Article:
Research aspects of materials science

The Materials Science and Engineering Tetrahedra below highlight and describe the relationships among the many aspects of materials science:

Materials Science and Engineering Tetrahedra

  • Synthesis and processing

    Developing new materials and modifying materials after or during their manufacture.

  • Structure and characterization

    Studying the manner in which atoms are arranged using a wide variety of instrumentation.

  • Properties

    How materials behave or interact with the environment such as how they conduct heat.

  • Modeling and simulation

    Using mathematical and computational tools to study and predict structure, properties, and processing.

Research areas

Faculty and students in UNT’s Department of Materials Science and Engineering are heavily involved in research and project-based learning initiatives. Some of the research areas studied in the department includes:

  • Studying the fundamental mechanisms of friction, wear, and lubrication of sliding and rolling interfaces by electron microscopy, vibrational spectroscopy and atom probe tomography techniques to improve reliability and lifetimes of aircraft engines and micromechanical devices.
  • Conducting research in renewable power generation, and efficient buildings to develop energy and technology strategies that address the region and nation’s conservation needs.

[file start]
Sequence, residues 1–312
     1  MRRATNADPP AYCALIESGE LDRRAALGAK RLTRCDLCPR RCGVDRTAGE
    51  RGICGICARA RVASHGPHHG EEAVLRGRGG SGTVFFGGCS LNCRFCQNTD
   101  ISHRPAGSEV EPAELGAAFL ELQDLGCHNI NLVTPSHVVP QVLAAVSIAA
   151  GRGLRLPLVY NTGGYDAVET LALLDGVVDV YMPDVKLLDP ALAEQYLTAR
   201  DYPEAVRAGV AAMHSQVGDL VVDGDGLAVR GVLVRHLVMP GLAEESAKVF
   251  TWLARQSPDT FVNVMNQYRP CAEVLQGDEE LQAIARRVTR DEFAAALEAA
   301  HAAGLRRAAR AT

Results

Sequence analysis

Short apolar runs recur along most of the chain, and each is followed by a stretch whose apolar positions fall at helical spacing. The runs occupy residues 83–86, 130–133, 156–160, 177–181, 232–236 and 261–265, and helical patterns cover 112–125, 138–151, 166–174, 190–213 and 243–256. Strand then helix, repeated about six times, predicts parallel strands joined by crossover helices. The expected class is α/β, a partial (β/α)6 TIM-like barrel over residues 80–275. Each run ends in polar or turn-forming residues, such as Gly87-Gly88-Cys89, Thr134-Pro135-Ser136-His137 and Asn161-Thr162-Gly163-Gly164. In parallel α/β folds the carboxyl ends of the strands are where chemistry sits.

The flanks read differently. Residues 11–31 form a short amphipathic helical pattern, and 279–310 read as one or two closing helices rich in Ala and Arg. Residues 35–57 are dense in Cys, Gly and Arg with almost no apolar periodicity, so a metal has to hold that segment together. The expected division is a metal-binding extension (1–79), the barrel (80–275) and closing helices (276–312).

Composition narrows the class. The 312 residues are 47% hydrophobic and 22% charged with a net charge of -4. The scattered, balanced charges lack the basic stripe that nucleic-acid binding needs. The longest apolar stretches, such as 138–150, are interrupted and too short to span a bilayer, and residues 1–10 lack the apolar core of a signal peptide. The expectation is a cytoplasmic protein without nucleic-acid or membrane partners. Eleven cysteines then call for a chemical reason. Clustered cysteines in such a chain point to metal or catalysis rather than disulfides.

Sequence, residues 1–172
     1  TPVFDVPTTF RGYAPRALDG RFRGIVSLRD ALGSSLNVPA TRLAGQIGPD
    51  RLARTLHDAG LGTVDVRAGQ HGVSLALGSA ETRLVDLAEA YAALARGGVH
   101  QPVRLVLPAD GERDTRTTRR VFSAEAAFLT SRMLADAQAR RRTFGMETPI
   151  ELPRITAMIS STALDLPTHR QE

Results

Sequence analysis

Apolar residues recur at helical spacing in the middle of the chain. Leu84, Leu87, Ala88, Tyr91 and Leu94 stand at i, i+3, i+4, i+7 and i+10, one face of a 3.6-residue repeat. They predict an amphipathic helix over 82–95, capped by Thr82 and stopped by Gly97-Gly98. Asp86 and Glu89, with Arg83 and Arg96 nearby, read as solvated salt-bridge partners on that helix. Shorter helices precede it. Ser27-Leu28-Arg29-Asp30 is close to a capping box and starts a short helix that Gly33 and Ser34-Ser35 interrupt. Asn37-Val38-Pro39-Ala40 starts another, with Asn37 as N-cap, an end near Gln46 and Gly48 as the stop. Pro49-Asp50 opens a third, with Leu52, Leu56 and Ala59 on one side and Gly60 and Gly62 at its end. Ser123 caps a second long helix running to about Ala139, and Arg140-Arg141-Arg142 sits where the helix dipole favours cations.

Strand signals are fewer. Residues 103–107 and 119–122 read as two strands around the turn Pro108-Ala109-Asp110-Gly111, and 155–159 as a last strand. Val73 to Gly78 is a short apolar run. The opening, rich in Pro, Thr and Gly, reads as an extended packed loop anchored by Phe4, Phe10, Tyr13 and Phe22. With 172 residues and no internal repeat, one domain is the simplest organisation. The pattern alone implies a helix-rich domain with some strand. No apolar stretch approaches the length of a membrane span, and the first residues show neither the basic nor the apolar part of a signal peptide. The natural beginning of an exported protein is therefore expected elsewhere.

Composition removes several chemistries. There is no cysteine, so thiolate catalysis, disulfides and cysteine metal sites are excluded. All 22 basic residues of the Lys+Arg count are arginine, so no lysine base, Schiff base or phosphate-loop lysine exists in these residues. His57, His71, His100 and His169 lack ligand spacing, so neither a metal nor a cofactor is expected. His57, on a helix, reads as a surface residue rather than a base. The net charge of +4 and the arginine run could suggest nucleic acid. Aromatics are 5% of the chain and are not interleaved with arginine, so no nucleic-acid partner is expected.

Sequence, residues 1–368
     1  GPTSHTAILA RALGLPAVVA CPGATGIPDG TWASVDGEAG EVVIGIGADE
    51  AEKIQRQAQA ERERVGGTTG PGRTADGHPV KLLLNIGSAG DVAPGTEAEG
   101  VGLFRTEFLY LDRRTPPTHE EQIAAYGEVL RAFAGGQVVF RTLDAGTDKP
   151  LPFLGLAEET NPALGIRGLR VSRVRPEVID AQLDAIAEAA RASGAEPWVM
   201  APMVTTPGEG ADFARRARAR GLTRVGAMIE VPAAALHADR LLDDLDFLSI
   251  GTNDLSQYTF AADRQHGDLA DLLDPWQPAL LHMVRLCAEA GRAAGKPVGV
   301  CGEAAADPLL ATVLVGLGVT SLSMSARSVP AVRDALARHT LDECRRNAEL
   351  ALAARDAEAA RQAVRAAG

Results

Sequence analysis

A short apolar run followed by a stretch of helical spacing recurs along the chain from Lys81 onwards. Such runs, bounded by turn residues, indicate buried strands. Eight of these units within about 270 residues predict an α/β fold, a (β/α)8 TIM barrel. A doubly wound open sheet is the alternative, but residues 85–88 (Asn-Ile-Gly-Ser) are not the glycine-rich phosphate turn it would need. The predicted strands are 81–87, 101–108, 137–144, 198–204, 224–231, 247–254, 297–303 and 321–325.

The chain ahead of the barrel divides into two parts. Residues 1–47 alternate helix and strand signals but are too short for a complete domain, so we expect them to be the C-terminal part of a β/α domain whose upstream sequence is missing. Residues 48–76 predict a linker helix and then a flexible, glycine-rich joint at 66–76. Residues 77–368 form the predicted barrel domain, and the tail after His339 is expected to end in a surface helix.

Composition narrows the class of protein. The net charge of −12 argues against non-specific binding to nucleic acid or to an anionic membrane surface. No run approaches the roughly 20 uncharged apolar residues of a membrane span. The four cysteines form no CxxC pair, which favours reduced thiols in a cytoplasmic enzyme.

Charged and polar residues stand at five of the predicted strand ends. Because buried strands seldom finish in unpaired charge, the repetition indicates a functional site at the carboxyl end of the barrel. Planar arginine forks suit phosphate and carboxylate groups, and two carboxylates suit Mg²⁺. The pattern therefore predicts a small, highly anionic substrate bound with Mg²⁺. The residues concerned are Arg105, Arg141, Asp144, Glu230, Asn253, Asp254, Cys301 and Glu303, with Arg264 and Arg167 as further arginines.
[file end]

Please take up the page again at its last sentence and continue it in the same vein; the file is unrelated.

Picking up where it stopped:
• Processing: friction stir welding, ultra-fine grain, high temp mechanical behavior.
  • Nanomaterials, biomimetics, catalysts.
  • Studying structural, physical, and chemical behavior in ceramics, glasses, metals, composites, and nanomaterials using molecular dynamics, density functional theory, Monte Carlo, and embedded atom methods
  • Using multi-scale computational methods to model  the deformation, fracture, defect evolution, and phase transformations in materials to develop more failure resistant materials.
  • Characterization, development, and processing of a wide range of metal systems (nickel-based, lightweight, shape memory, and amorphous) for use in structural applications such as aerospace, defense, microelectronics and biomedical fields.
  • Combining integrated computational materials engineering (ICME) with advanced processing and characterization approaches to develop novel structural alloys.
  • Atomic to millimeter scale engineering of surfaces that are critical in nanoelectronics, ultra-high temperature coatings for aircraft structures and engine components, novel coatings and surface modification methods for biological implants, and atomically precise manufacturing.